iv) An acceptable amended plan being received which provided for one additional visitor parking space.
If the overlooking issue cannot be addressed then the application shall be refused on the grounds of overlooking. If the additional car parking space cannot be reasonably accommodated then its absence will not be an additional reason for refusal.
Reasons for the decision
Subject to the imposition of the attached conditions, the proposal was acceptable having been assessed in the light of all material considerations, including weighing against relevant policies of the development plan and specifically:
? there was an established commercial use on the site and therefore the development of a small-scale retail unit is considered acceptable in principle, in accordance with Policy CS15 of the Peterborough Core Strategy DPD (2011);
? given the location of the application site within a predominantly residential area which was well-served by existing services and facilities, the principle of residential development is acceptable, in accordance with Policy CS2 of the Peterborough Core Strategy DPD (2011);
? the design of the proposal would not result in any unacceptable impact upon the character, appearance or visual amenity of the streetscene and surrounding area, in accordance with Policy CS16 of the Peterborough Core Strategy DPD (2011) and Policy PP2 of the Peterborough Planning Policies DPD (2012);
? adequate and safe parking, access and turning can be provided to/within the site so as to not result in any unacceptable impact upon the safety of the public highway and highway users, in accordance with Policy CS14 of the Peterborough Core Strategy DPD (2011) and Policies PP12 and PP13 of the Peterborough Planning Policies DPD (2012);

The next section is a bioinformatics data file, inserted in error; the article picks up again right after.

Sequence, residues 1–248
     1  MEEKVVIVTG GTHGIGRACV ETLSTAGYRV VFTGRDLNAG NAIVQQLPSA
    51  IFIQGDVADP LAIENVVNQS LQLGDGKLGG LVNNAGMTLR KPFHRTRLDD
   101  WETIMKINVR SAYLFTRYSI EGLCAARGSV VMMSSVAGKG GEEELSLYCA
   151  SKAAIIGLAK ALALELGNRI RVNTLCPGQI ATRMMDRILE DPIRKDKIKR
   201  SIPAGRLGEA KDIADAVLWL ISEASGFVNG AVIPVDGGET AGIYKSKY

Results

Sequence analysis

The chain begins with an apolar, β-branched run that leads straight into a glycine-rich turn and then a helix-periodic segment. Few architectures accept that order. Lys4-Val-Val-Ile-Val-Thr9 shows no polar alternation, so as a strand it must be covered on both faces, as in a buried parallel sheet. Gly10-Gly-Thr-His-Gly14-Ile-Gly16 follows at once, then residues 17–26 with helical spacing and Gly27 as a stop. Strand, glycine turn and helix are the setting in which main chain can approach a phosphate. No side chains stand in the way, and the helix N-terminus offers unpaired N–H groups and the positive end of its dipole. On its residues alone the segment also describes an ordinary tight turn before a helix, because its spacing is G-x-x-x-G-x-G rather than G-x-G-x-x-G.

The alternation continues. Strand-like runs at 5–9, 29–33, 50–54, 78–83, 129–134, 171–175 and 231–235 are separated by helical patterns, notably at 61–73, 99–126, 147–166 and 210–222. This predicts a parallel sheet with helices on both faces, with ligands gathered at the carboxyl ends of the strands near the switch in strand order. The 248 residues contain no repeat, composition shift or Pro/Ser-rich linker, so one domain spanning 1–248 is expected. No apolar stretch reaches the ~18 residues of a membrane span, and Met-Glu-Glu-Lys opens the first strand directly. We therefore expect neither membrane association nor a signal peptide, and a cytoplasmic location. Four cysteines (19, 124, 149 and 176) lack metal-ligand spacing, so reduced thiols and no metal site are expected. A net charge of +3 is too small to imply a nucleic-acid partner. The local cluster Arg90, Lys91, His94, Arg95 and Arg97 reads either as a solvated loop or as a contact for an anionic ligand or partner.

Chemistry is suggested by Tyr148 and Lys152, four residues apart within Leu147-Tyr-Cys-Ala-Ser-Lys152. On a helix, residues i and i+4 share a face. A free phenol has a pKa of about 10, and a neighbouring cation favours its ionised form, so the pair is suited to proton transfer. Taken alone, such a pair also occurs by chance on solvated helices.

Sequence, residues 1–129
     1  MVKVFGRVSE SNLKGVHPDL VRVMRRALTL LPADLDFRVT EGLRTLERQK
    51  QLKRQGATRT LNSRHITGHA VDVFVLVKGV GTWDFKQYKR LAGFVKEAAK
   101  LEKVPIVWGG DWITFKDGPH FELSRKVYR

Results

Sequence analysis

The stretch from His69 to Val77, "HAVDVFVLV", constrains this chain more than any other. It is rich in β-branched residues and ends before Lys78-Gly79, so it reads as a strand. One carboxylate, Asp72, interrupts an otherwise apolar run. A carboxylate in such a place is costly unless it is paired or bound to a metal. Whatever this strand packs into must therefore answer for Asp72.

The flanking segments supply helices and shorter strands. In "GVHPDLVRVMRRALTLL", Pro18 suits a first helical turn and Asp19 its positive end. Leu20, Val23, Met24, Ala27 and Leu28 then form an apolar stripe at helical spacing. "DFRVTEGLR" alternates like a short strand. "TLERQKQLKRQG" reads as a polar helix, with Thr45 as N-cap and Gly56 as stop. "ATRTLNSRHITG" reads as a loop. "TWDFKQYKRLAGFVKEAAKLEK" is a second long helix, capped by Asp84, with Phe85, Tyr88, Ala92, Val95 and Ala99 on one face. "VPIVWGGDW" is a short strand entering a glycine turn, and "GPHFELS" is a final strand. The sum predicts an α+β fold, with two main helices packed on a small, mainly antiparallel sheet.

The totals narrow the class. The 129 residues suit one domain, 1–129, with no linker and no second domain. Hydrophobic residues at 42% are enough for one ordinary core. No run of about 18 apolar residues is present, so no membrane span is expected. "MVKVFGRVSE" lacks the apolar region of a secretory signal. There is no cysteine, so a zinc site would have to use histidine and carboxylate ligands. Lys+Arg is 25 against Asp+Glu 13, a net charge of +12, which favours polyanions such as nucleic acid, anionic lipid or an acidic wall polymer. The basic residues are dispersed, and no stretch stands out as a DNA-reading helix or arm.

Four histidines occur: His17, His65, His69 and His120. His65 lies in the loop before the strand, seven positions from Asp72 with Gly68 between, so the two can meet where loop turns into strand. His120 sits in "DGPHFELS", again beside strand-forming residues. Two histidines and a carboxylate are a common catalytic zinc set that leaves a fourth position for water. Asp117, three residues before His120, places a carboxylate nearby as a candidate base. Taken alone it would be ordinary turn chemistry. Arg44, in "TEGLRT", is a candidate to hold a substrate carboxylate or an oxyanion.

? the revised proposal would, on balance, not result in any unacceptable level of harm to the amenities of neighbouring occupants, in accordance with Policy CS16 of the Peterborough Core Strategy DPD (2011) and Policy PP3 of the Peterborough Planning Policies DPD (2012);
? the proposal would retain trees which were of key landscape value to the visual amenity of the locality, in accordance with Policy PP16 of the Peterborough Planning Policies DPD (2012);
? the proposal would not result in any unacceptable impact to heritage assets, in accordance with Section 66(1) of the Planning (Listed Buildings and Conservation Areas) Act 1990, paragraphs 128 and 131 of the National Planning Policy Framework (2012), Policy CS17 of the Peterborough Core Strategy DPD (2011) and Policy PP17 of the Peterborough Planning Policies DPD (2012);
? contamination present within the site would be adequately addressed so as to not pose a risk to human health, in accordance with paragraph 121 of the National Planning Policy Framework (2012) and Policy PP20 of the Peterborough Planning Policies DPD (2012);
? the proposal would not result in any unacceptable impact to ecology or biodiversity within the site, in accordance with paragraph 118 of the National Planning Policy Framework (2012), Policy CS21 of the Peterborough Core Strategy DPD (2011) and Policies PP16 and PP19 of the Peterborough Planning Policies DPD (2012);
? on balance, the proposed dwellings would provide an acceptable level of amenity for future occupants, in accordance with Policy PP4 Planning Policies DPD (2012); and
? there was no requirement for a financial contribution towards infrastructure demands generated by the development, in accordance with the National Online Planning Guidance and the Peterborough Planning Obligations Implementation Scheme SPD (2010).
- Item 5.3 - 1402171FUL - 490 Oundle Road, Orton Longueville, Peterborough, PE2 7DF, item 8. PDF 1 MB
- Item 5.3 - 14 02171 FUL Committee Report FINAL, item 8. PDF 221 KB